Shogi (Japanese chess) – complete game rules, history
A 9 by 9 board is used. Cells are numbered from right to left, as well as from top to bottom. Each cell is rectangular in shape, is not indicated in any way, the cells are not divided into colors. Before the game, in the “upper” cells, white pieces are arranged in 3 rows, and in the “lower” cells, black pieces in the same order. The figures have the appearance of 5-coal-colored plates with hieroglyphs. “Black” and “white” are only verbal designations of the playing sides, the pieces themselves have one color and their affiliation is determined by the direction of the acute angle of the piece. Each piece is set with the sharp side to the opponent. Each player has at his disposal 20 pieces belonging to 8 types, which differ in value, strength and moves.
The player has the following set of pieces: 1 king, 1 rook, 1 elephant, 2 gold generals and 2 silver generals, 2 knights, 2 spears, 9 pawns. In the last row, horses stand near the spears, silver generals stand near the horses, and gold generals stand next to them. In the central cell between the gold generals is the king. In the 2nd row there are only 2 figures. To the left of the horse is an elephant. To the right is a rook in front of the horse. The 3rd row is completely occupied by 9 pawns.
Players take turns making one move. The first move is made by the player playing black pieces. A move is a player moving one of his pieces from the number currently available on the game board to an allowed field in accordance with the rules for moving pieces or setting (resetting) a piece in reserve. “In reserve” (or also “in hand”) are the figures that were taken (shot down) from the opponent.
When the figure reaches the special zone (camp of the opponent), it can be strengthened (turned), then the figure is turned over. This way you can strengthen any figure, with the exception of the gold generals and the king.
The goal of the shogi game is to checkmate the opponent’s king. The checkmate is put when the king is hit by an opponent’s piece, being in a field into which the enemy piece can make a move, without being able to defend or leave.
How do the pieces go
Each figure has hieroglyphs on both sides, only the king and the gold generals are marked with hieroglyphs on one side.
King (in Japanese – Osho or Gyoku) – goes to 1 field in any of the directions, except for the field under the opponent’s check, similar to the chess king. A check is a position in which the king is hit by an opponent’s piece – in a field where the opponent’s piece can make a move.
Golden General (Kin) – walks 1 field vertically or horizontally to either side and diagonally forward.
Silver General (Gin) – walks 1 field diagonally in all directions or 1 field forward vertically. After reaching the camp, the enemy can become a gold general.
Horse (Kay) – moves with the letter G, like a chess horse, however, unlike the latter – only forward, can not retreat. The knight’s move thus represents 1 field forward vertically, then 1 field to the right or left diagonally. A horse is the only figure in shogi capable of jumping over other figures standing in her way. Upon reaching the enemy camp can become a gold general.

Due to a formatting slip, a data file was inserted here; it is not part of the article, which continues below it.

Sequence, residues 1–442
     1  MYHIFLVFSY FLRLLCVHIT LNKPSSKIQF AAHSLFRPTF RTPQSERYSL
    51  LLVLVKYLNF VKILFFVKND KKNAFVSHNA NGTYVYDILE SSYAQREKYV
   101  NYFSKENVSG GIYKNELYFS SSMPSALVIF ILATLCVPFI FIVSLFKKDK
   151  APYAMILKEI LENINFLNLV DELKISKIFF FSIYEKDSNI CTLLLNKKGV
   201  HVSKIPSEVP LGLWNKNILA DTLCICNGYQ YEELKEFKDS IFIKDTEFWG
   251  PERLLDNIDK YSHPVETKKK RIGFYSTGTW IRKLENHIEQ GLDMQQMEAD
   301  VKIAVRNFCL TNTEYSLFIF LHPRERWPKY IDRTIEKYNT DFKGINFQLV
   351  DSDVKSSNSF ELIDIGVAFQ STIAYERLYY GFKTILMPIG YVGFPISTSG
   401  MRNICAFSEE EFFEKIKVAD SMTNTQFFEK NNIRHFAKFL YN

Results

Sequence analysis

Spear (Kyo) – walks exclusively vertically forward to any number of fields that are not occupied by other figures, and does not go back. Upon reaching the enemy camp can become a gold general.
Pawn (Fu) – moves vertically 1 field forward. He strikes the opponent’s pieces not obliquely, unlike chess, but in front of him. Upon reaching the enemy camp can become a gold general.
Rook (Khisya) – walks on any number of fields that are not occupied by other pieces, both vertically and horizontally (as well as a chess rook). Upon reaching the enemy’s camp, it can become a dragon king – a figure that retains the capabilities of a rook and is also able to additionally go to 1 field diagonally in all directions.
Elephant (Kaku) – walks on any number of fields that are not occupied by other pieces, diagonally (just like a chess elephant). Upon reaching the enemy’s camp, it can become a dragon horse – this is a figure that preserves the elephant’s capabilities and is additionally able to make a move on 1 field horizontally or vertically in all directions.
Value of figures
Regular chess players use the well-known formula for the value of chess pieces. The unit of measure is a pawn. The elephant and the horse are valued at 3 pawns, the rook at 5, the queen at 9 pawns. Although in chess a material advantage is an important strategic goal, in shogi this component is not so important.
When exchanging it is always necessary to take into account the current situation in the game. The strength of the figures largely depends on the king’s security, tactical capabilities, and the strategic pattern of the game. The ambiguous value of the figures in shogi is expressed by some proverbs about this game: “1 pawn is more valuable than 1000 gold generals” and “speed at the end of the game is more important than material”.
Nevertheless, material correlation is also an important criterion for evaluating a position.